DEBBIE: So, I have a couple that-- I have two specific that comes to mind right now two in the water and one on land actually because I also do just land training for people. So, anyways a woman came to me after bariatric surgery. She came into my class, walked into my class, introduce myself, talk to her, she burst into tears. This happens all the time. Turns out, like I said, she had bariatric surgery, struggling to recover from that. She had the bariatric surgery [??? 1:42]
JESSE: I lost you for a minute Debbie. Can you go back like a phrase or two?
DEBBIE: Okay. So, I have a woman, her name is Suzanne and she came to me after bariatric surgery. She came into one of my group classes and just kind of fell apart at me. So, I got her whole history. What had happened was her bariatric surgery happened because she actually shattered her femur. Not long before that she fell down an embankment and paramedics could not get her off the embankment because of her weight. And she couldn't assist them because of the severity of the shatter.
JESSE: That's great.
DEBBIE: Pretty awesome. So, yeah, she's one of them. Another, I have a gentleman and he's had three strokes and had a hip replacement, knee replacement, he's a retired Major League Baseball umpire. He actually broke - on the field, he has major visual disturbances and terrible, terrible vertigo. So, he came to me out of therapy, he could not, they call it cornering. He couldn't walk around a corner. If he went to turn a corner he would fall over and they were worried about him breaking another hip. So, he was dependent on a walker, he could not drive.
JESSE: So, do you know what causes that? Like, what-- [rosstalk] Right, that he couldn't...was it just a sense of balance or?
DEBBIE: Yeah, it was balance and his visual disturbances and vertigo. So, it's a combination of a lot of things, medications were a lot of it. So, he wasn't safe, like he wasn't safe to drive and he wanted to drive. That was his goal. He wanted to be able to go back to a baseball game with his umpire buddies and watch the game, go to a University of Michigan football game, that was his goal. His goal was to be able to play with his grandchildren. So, it was simple goals. So, he did not want to get in the water and let me tell you, he wouldn't talk to me at first. He was forced but he was one of these, so the cognitive problems from a stroke were very, very evident. His skin was ashen. He was in bad, bad, bad shape.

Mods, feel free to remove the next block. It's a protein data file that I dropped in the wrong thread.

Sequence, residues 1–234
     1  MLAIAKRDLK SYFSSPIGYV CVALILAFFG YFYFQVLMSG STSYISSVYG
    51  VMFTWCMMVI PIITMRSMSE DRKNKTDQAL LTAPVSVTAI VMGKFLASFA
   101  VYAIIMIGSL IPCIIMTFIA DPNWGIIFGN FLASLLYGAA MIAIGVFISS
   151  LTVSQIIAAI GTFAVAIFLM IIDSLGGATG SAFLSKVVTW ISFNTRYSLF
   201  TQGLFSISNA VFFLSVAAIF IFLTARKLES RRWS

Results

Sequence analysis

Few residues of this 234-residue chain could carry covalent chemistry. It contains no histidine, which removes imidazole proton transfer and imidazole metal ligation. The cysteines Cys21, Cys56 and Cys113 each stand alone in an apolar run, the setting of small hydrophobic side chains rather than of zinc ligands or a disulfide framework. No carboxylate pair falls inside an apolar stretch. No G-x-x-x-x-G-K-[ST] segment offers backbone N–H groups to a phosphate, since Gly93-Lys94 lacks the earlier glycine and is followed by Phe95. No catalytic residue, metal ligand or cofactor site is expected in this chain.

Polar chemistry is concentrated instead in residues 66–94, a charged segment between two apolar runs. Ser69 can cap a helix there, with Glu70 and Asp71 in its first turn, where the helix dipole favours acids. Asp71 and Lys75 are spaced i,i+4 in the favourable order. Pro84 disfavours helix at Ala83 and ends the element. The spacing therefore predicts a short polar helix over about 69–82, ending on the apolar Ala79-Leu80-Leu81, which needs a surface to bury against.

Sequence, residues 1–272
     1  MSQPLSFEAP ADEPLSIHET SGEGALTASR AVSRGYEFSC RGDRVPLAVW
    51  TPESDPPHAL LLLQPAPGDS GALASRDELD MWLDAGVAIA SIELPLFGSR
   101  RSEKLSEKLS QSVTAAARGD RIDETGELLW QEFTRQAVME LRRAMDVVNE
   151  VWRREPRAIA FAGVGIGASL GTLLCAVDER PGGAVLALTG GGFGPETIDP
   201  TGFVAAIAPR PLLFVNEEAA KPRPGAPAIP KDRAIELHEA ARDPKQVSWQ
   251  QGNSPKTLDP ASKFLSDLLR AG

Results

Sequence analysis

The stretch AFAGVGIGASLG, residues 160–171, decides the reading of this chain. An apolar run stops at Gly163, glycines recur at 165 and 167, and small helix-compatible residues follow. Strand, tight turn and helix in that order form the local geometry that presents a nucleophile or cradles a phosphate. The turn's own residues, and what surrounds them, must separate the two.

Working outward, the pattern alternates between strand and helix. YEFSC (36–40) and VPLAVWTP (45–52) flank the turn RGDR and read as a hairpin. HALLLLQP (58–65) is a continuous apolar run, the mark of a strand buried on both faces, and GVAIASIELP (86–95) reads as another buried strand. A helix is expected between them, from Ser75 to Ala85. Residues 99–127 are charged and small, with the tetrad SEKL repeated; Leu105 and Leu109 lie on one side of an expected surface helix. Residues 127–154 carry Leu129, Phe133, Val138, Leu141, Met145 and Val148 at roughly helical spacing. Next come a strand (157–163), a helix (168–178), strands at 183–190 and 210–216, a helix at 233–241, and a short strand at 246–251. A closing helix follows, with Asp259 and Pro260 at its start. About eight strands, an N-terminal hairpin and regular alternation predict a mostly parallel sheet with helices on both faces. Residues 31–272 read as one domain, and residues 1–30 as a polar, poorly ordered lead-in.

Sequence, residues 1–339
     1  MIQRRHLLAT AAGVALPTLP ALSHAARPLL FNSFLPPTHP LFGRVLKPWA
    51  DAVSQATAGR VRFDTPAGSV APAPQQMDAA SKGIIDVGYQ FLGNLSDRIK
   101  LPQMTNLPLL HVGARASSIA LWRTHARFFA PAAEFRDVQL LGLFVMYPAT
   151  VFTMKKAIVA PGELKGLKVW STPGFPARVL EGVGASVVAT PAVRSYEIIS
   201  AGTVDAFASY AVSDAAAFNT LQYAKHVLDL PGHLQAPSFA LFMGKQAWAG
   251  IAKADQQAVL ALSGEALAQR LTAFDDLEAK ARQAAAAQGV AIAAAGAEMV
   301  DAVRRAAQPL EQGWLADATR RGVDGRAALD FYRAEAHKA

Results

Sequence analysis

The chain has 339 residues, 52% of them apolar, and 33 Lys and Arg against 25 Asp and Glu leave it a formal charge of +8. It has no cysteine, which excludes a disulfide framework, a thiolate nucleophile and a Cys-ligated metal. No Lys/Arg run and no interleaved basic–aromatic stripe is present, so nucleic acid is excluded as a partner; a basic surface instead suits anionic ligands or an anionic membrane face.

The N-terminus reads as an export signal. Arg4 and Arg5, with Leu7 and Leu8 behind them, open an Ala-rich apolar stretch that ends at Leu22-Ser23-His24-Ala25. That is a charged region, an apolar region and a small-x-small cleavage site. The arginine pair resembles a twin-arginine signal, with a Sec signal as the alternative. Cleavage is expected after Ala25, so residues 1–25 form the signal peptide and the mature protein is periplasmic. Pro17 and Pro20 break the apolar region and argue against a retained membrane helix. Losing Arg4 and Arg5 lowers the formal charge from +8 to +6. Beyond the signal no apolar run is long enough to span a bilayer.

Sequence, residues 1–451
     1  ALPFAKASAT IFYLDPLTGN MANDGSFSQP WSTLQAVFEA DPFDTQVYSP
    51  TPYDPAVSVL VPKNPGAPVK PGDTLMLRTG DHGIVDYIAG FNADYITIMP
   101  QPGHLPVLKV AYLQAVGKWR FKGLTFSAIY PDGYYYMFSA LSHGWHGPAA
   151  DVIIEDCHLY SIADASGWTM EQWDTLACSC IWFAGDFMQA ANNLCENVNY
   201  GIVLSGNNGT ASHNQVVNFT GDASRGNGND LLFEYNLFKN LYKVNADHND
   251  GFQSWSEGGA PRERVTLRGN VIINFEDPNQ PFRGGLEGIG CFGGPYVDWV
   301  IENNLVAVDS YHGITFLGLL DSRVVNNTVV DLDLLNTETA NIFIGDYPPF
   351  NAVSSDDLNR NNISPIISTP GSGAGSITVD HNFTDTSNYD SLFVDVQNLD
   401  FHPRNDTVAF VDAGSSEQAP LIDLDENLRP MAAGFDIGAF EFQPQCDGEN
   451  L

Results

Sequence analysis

So, we got him driving, we got him being able to walk up and down stairs, balance. We would play basketball in the water, eye hand coordination...did a lot of strengthening and stamina and endurance, he had no endurance. When he first came to me, it was a struggle for him to tell me a story. He would just trail off. Now he's like [??? 5:34]. But he drives, he's able to stay home alone. It's super, super cool what he can do now. Go to baseball games, have a life, go up north to their cabin, so there probably my two most extreme stories.
JESSE: So, the end of that kind of made me think about, there's always a debate between like, are we our minds, are we something else? Are we our body and the whole mind body connection? So, do you see that often? I mean, obviously, you talked about the increased blood circulation helping cognitive behavior or improvement, I guess. Do you see that mind body connection more directly with the people you work with?
DEBBIE: I see it a lot. And what I see the first thing that - is depression. So, once they get in the water, especially if they've been inactive for any period of time, the first thing that happens is most of their medications, I have to send them back to the factory to get their medications adjusted, because that circulation changes out a lot of the level of meds they need to be on, especially for working on endurance and stamina.
So, I connect them so they now have a buddy and then they start coming at the same time. Well, you don't mind if I come when so and so is here? No, I don't mind, come. Because they feel alone. Some of the population I work with live alone and they've got nobody so that's my other-- I have a number of roles, fitness, psychology, I'm their sounding board.
JESSE: Right. Yeah.
DEBBIE: [unclear] Let me turn this light on by the way.
JESSE: You can. It keeps getting slightly darker where I am as well because there's a thunderstorm rolling in just a little bit at a time.
DEBBIE: There, is that better? [??? 9:17]
JESSE: It's a little different.
DEBBIE: I don't know-- [crosstalk]
JESSE: It's okay.
DEBBIE: ...doesn't matter.
JESSE: It's fine either way.
DEBBIE: But yeah, so it's an interesting place where I am, that one.
JESSE: Yeah, I mean, I know that, like I have a coach for, I do triathlon predominantly, although we're kind of thinking about some different goals for this year moving on, but I know that throughout my kind of sporting career like my coach has been my confidant because much like you see all of your clients go through the struggles, there's a very, I don't know if - is the right word but an unfiltered amount of struggling that goes on, be it through rehabilitation or through just normal, athletic endeavor. I went through a little bit of rehabilitation myself after I shattered my collarbone in a race last year, so--